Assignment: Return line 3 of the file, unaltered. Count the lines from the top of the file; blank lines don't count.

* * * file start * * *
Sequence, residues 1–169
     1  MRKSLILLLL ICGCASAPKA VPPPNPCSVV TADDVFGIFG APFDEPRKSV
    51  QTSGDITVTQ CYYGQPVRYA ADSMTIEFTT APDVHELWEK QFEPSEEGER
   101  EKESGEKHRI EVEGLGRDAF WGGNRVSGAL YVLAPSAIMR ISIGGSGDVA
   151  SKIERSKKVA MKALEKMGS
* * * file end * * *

    51  QTSGDITVTQ CYYGQPVRYA ADSMTIEFTT APDVHELWEK QFEPSEEGER